Soft Autumns naturally have a wide range of hair colours, from flaxen blonde to dark brown.
It’s very normal to see hair in this tone that is somewhere in the space between dark blonde and light brown, with highlights and lowlights in colours like barley, hazelnut, sand, antique gold, soft bronze or even copper.
It’s beautiful, nuanced and intricate, but it’s flattened into one-note blandness when surrounded by louder colours. Always worth remembering: if you’ve been wearing disharmonious colours, you don’t know what your natural hair colour really looks like.
Complexion makeup (foundation, concealer, etc.) needs to be matched to your skin, but the “colour makeup” comes from your Soft Autumn palette.
Neutral eyeshadows are most often produced in True and Soft Autumn shades, so you should have no trouble finding them. Your beiges, taupes, khakis and browns are all ideal for this.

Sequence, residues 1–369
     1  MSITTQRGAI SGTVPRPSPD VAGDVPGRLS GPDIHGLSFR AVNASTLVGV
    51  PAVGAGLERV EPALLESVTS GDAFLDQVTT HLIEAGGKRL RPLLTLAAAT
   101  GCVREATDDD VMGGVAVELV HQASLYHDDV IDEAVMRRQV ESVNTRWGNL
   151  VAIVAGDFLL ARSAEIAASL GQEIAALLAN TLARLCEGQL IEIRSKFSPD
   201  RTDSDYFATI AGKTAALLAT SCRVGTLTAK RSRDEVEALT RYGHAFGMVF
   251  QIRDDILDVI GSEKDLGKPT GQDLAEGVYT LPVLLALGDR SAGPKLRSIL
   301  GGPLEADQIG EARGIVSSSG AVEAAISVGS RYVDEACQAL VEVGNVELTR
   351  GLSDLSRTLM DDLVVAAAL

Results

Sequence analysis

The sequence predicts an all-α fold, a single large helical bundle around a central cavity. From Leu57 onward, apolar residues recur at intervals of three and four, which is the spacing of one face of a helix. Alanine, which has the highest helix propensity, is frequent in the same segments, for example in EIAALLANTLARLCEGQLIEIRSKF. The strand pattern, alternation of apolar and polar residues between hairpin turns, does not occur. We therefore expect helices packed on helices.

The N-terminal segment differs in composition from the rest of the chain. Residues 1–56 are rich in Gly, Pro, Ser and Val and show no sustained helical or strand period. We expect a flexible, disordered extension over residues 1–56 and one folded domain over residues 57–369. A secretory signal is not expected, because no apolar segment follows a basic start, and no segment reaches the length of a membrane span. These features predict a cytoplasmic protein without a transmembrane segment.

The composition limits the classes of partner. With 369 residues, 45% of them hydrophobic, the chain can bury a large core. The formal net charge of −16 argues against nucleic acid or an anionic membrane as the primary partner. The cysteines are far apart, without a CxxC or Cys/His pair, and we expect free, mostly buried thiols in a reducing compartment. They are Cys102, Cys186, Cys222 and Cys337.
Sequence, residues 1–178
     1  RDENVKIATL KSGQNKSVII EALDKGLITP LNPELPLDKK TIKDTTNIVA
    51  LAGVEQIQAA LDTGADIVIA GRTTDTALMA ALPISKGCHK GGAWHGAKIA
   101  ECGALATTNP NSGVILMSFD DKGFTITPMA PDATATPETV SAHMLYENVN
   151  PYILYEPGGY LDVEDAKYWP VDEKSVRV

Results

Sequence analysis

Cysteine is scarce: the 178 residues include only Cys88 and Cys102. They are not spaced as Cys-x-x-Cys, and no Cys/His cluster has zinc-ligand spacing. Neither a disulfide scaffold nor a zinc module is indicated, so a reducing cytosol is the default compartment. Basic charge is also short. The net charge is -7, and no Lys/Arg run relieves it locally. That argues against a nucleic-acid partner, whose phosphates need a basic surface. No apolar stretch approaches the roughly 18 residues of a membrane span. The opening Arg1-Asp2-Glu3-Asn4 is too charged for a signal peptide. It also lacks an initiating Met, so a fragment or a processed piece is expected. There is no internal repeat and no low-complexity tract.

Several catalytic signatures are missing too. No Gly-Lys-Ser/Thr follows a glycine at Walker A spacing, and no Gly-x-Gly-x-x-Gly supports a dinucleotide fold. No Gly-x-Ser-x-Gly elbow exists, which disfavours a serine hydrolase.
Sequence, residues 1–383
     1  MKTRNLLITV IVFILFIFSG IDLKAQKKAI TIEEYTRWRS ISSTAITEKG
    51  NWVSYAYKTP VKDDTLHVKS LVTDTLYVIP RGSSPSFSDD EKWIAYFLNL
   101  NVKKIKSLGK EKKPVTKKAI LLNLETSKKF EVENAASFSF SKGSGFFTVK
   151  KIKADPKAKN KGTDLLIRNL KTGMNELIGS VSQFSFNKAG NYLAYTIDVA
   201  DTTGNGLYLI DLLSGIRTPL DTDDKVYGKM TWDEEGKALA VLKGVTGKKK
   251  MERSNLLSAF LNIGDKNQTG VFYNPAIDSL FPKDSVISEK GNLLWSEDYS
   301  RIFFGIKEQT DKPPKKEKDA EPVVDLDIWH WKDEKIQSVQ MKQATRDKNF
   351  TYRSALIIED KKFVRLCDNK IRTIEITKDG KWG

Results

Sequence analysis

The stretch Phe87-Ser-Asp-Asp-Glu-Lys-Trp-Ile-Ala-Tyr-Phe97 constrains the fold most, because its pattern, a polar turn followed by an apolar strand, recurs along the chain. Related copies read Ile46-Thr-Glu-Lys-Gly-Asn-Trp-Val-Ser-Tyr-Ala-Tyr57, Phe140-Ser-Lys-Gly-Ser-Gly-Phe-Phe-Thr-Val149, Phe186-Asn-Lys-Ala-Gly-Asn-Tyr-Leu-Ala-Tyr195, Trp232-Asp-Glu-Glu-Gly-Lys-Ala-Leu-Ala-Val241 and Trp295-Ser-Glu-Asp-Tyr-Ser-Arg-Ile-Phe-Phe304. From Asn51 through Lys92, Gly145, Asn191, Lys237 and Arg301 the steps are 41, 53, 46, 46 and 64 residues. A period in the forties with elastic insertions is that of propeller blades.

Brow colours are usually in the khaki to taupe range, but occasionally dark brown for a dark-haired Soft Autumn, or light brown for gingery-haired one.
Eye liners are brown, but most brown liners available are too rich, in True and Dark Autumn shades.
Mascara, too, is brown. Again, many browns are too rich. Look for a muted, though still dark, brown.
If you like more colourful makeup, use any of the accent colours in your palette. The greens will bring out the green in many Soft Autumn eyes, in shadow or liner, and the pinks are very wearable around the eyes in this tone especially.
Blush and lip colours come from the red and pink area of your palette, in colours like soft peach, muted berry, dusty pink and pale brick. All will work on you, but most women will find their perfect shade is somewhere within this range, so trial and error may be necessary here.
Related: Makeup Looks in 12 Tones
Soft Autumn colours make natural looks effortless. So much so that these are the colours offered as “natural” for any woman, from myriad makeup brands. On others it will look anywhere from inoffensive to dull, but you will look fresh, glowy and vital.